As an IT professional, you understand the limitations of the system. You understand that the system itself is a tool or technology that the users bring to bear to shape that information. It will be your ultimate responsibility up and down the pecking order to continually push the system to do things that it probably wasn't designed to do.

    When you walk into an interview with the ability to discuss both sides of the equation, you set yourself apart from other applicants who don't have that experience in the real world. In school and in training, you are not exposed to the one thing that makes information technology such an amazing revenue generator. And that of course is the end user.

    By articulating your ability to separate the two concepts, you will be speaking directly to the experience of that manager or interviewer. You will be sending the message to them that you can handle the technology no problem. That is the least of their concerns. More importantly, you will be sending the message that you can handle whatever type of information that the end user puts on you.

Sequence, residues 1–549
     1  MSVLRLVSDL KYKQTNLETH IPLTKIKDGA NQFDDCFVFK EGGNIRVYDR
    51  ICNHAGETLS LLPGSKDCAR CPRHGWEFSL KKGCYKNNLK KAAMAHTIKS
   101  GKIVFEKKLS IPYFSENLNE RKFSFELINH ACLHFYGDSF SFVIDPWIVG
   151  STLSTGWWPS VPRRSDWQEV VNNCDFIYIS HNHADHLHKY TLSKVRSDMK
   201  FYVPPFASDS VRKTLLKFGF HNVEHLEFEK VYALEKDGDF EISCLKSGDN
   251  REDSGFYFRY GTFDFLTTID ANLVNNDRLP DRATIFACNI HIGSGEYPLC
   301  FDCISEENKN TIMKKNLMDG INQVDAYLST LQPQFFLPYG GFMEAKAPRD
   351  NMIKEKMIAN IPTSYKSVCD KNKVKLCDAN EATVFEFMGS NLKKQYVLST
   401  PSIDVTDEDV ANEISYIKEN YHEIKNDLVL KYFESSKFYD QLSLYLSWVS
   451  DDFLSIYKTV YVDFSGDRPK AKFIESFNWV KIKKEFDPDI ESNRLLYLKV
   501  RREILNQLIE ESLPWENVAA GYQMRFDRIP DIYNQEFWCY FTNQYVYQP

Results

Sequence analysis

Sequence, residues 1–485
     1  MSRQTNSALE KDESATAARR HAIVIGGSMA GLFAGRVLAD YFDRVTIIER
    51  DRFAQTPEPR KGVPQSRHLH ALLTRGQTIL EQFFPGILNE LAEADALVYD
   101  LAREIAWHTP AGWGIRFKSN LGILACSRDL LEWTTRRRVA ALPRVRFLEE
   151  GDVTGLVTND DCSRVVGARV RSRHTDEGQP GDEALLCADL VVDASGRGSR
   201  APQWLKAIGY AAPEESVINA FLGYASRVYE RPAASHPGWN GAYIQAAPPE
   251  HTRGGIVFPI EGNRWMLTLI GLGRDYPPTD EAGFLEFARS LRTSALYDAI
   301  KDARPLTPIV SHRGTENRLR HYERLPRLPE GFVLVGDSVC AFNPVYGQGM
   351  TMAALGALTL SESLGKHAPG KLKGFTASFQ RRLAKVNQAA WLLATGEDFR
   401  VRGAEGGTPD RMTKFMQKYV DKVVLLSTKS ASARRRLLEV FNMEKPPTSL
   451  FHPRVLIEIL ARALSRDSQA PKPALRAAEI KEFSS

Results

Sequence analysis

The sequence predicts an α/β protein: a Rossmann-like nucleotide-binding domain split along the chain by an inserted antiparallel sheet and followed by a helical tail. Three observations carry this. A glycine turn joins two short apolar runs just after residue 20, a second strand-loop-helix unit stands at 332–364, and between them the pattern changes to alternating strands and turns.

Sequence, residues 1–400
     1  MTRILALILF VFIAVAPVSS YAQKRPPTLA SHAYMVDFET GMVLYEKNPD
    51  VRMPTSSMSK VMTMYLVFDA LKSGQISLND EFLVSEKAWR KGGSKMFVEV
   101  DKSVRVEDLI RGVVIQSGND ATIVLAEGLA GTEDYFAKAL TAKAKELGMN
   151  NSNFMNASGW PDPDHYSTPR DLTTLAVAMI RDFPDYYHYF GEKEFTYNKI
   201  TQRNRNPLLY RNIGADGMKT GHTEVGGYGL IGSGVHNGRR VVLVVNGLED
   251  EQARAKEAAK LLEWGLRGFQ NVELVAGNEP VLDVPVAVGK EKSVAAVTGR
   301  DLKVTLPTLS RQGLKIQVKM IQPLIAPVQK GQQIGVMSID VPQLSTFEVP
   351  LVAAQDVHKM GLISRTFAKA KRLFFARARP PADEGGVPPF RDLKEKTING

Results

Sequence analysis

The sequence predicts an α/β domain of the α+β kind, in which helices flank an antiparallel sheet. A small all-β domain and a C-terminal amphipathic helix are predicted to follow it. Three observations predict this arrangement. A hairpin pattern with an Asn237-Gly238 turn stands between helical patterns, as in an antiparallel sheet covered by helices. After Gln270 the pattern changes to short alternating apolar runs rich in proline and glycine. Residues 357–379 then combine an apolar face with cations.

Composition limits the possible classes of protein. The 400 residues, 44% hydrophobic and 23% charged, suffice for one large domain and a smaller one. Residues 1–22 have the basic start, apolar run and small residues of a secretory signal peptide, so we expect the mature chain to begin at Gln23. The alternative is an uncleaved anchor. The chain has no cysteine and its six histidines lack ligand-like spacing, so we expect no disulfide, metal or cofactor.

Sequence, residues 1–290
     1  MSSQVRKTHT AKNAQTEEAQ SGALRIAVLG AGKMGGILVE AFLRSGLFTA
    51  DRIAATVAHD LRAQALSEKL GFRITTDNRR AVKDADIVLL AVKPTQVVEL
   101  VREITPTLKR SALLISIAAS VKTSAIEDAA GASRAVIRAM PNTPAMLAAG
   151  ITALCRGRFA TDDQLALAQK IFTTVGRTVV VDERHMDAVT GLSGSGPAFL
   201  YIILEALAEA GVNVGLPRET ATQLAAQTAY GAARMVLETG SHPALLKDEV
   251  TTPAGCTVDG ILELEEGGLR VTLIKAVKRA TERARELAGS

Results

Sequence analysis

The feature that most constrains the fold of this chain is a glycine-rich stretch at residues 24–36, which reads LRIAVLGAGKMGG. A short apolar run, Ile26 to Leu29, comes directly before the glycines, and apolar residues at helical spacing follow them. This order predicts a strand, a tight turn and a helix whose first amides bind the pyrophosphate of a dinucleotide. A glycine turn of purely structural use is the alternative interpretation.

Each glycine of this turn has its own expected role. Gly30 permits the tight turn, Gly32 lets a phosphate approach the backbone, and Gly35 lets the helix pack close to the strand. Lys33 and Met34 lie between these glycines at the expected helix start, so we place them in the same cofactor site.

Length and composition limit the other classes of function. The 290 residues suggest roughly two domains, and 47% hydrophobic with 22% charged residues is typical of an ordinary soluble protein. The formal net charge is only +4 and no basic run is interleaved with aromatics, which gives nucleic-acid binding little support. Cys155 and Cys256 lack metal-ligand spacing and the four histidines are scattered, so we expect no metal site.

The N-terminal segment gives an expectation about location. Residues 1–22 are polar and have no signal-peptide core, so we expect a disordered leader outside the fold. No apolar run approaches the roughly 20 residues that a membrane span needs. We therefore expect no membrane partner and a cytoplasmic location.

Probably 90% of the information that flows through a company is analog. This is so important to understand. It will be up to you as an IT person to reduce this ratio, to convert user intent and meaning into a digital signal that can be crunched through that 100 million dollar corporate server farm.

    So you have I = 90% and T = 10%. Making that distinction somewhere in your interview will make you stand out. That is just the way the world works.
    Awesome. I'll refer to this later when I have my interviews.

    Quote Originally Posted by tekkierich View Post
    Speaking as someone that has been in IT for 12 years and jumped right in after high school:

    - Get a cert, any cert. A+, CCNA, a single Microsoft cert. If you are a good reader, and like to tinker at home you should be able to buy a book, study, and pass one of these certs in 90 - 120 days.